After spending almost £90 million before the end of July, the Chilean boss who came in last month to replace Roberto Mancini at the Etihad will likely face much the same pressure endured by the departed Italian.
Despite winning the Premier League (for the first time in 44 years) with City and the FA Cup the previous season, Mancini was sacked in May after a disappointing run in the Premier League, an early exit from the Champions League and a dismal display against Wigan in the FA Cup final this year.
In his four-year spell in charge at the Etihad, Mancini spent a total of £284.75 million (after Mark Hughes spent £252.7 million in one and half years) and brought in some of the finest talent in the world on undoubtedly the highest wages in the sport.
Players like Mario Balotelli, Edin Dzeko, James Milner, David Silva, Yaya Toure, Samir Nasri, Sergio Aguero, and Maicon to name but a few, came in on wages up to £300,000 a week making City the highest paying football club in the world.
However, City have yet to achieve the heights of the continent’s elite – the Champions League stronghold, the ‘usual suspects’ like Barcelona, Bayern Munich, Real Madrid, Manchester United, Inter Milan and more recently Chelsea.
They exited the competition at the first group stage last term having not won a single game in the ‘group of death’ against then-champions of Spain, Holland, and Germany.
Jose Mourinho, having won the Champions League twice now with two different clubs, likely knows a thing or two about the pressure to succeed at the highest level.
His Premier League rival at City, Pellegrini has never won a European title or a domestic title outside of South and Central America – and will feel he has it all to prove.
“Of course people should expect more of them,” Mourinho stated, referring to City.
“Jovetic, for more than two years, is one of the best in Italian football. Again, he is a kid that has five years of playing for Fiorentina in Serie A at the highest level. Fernandinho is more than that, because he has more experience, a national team player [with Brazil]. They are players without surprises. They are more than ready.”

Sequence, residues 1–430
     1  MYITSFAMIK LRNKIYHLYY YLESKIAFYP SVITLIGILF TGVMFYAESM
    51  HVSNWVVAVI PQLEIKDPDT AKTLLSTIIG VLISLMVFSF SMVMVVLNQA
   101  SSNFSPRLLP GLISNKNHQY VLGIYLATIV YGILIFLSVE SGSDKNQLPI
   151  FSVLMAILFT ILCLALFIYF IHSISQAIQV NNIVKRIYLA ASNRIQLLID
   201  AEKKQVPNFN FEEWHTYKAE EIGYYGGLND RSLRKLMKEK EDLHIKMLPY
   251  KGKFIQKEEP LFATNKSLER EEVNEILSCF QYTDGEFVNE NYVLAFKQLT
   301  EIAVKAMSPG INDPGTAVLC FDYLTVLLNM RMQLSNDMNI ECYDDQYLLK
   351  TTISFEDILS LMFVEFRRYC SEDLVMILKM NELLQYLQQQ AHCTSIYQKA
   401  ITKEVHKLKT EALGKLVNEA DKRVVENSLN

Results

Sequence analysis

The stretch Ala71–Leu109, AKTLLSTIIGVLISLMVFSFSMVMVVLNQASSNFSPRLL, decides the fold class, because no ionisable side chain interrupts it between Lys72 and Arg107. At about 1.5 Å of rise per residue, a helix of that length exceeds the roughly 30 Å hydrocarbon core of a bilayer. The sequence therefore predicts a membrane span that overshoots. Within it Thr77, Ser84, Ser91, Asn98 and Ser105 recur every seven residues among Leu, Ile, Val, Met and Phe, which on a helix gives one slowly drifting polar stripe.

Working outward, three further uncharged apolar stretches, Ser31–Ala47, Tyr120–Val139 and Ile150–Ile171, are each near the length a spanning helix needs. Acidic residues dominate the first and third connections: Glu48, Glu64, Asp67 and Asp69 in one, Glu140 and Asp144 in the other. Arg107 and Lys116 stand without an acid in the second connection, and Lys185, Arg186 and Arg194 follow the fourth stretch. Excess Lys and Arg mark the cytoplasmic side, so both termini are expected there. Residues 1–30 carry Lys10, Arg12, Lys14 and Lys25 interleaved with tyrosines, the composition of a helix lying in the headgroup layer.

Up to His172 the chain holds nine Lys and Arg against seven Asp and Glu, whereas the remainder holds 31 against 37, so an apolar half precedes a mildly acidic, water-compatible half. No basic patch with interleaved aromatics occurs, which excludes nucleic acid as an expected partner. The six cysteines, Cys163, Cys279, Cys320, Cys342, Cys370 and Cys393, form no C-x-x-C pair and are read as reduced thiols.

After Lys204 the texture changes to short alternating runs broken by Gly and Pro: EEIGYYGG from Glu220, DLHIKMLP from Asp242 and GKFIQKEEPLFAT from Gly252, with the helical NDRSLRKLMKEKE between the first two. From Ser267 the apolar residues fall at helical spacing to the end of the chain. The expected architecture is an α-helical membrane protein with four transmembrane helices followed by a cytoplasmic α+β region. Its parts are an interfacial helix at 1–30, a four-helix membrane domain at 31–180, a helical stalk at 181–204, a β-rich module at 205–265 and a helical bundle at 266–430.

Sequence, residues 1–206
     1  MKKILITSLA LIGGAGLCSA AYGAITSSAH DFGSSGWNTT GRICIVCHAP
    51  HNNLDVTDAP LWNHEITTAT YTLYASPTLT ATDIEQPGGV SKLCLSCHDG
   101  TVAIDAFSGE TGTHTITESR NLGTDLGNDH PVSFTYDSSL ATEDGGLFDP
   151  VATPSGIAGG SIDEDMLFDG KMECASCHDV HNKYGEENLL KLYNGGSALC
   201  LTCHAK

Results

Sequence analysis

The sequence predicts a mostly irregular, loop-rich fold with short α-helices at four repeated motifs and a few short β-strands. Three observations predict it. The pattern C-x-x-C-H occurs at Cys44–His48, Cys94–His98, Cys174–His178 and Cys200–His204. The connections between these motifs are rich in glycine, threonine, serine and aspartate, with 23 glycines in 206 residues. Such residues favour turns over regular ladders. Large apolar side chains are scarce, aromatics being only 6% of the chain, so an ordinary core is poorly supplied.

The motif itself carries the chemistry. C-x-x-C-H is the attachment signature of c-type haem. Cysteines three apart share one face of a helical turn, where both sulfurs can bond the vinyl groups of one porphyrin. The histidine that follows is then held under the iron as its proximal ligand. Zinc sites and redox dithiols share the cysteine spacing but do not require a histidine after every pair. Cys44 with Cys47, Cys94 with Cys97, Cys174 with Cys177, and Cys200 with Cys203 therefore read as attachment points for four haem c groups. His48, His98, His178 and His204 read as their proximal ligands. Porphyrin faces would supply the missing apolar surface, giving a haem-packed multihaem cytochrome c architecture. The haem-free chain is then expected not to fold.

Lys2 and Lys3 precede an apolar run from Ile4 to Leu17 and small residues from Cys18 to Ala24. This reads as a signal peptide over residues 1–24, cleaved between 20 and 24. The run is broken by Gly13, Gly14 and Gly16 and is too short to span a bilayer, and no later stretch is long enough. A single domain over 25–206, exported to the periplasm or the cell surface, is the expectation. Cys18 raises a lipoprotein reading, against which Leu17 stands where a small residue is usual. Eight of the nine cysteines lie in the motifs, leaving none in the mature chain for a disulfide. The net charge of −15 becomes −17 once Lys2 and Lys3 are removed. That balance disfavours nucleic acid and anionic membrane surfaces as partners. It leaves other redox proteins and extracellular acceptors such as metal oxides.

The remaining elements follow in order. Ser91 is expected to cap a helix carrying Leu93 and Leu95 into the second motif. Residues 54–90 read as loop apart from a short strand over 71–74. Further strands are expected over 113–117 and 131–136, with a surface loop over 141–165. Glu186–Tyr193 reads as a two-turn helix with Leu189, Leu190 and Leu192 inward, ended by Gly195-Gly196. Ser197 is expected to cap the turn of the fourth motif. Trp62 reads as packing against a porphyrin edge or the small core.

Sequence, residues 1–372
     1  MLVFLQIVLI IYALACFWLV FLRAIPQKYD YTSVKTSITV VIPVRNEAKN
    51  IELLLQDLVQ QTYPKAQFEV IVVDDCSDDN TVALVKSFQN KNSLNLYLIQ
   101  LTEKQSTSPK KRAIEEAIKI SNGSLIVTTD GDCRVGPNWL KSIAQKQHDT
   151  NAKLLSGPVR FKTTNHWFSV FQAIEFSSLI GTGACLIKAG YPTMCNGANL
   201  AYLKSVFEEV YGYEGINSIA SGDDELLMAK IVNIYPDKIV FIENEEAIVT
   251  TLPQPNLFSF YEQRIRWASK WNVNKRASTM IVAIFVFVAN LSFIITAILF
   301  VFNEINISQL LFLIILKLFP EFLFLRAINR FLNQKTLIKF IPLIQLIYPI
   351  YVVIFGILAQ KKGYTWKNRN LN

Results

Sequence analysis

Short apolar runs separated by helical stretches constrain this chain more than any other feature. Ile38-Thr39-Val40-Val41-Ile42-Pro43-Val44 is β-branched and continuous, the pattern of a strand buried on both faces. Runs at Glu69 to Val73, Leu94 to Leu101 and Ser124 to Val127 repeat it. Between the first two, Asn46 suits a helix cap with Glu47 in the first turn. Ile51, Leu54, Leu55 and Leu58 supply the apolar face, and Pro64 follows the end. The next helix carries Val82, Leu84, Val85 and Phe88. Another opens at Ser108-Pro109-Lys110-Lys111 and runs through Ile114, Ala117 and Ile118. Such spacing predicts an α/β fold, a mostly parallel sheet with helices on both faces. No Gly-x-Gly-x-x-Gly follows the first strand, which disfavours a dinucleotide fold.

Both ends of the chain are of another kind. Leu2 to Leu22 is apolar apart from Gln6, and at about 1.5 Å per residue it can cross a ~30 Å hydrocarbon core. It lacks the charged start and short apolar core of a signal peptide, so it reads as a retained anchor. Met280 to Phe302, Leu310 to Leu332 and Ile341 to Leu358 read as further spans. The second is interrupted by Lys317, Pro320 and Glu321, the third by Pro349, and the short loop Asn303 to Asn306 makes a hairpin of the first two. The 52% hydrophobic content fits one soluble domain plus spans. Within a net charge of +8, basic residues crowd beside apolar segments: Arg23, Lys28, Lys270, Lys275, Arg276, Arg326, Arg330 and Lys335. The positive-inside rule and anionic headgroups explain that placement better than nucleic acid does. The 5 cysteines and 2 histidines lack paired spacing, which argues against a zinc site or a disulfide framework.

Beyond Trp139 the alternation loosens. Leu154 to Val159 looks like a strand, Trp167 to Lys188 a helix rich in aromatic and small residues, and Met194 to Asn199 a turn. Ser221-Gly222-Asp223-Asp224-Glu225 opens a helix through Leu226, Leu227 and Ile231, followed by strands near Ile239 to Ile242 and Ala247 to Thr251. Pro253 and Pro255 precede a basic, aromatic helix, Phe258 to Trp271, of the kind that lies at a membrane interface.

“If you see their age, their maturity, they are in the perfect moment of their career to go to England, no need for adaptation, no need of work to learn the project. They are players at the top of their careers, experienced but still young, so they’ve bought very, very well,” he added.
“That doesn’t surprise me, because they have the money to buy but also the knowledge. So it’s no surprise for me they bought well.”
But the caveat was, of course:
“But many teams will be under pressure until the last moment.”
The problem is for City is that it matters not what pressure Mourinho puts on the club, the players and, more importantly, his esteemed colleague Pellegrini – whilst the tabloid papers are running the angle that Mourinho is putting the pressure on Pellegrini, the reality it, the pressure will be there from within from the outset.
Any board or owner that spends £90 million on bringing in new players (and there’s still more than a month to go of the transfer window) will want to see that outlay translated into the results – they’ll want to see their money translate into performances on the pitch and trophies in the cabinet and, like any billionaire businessman, they’ll want to see it immediately.
Roberto Mancini was given four years to realize his vision of Manchester City and, as an average, he spent £71.2 million a season during his four-year spell – Manuel Pellegrini has already surpassed that and the pressure that goes with that spending will be applied to him accordingly – with or without Jose Mourinho.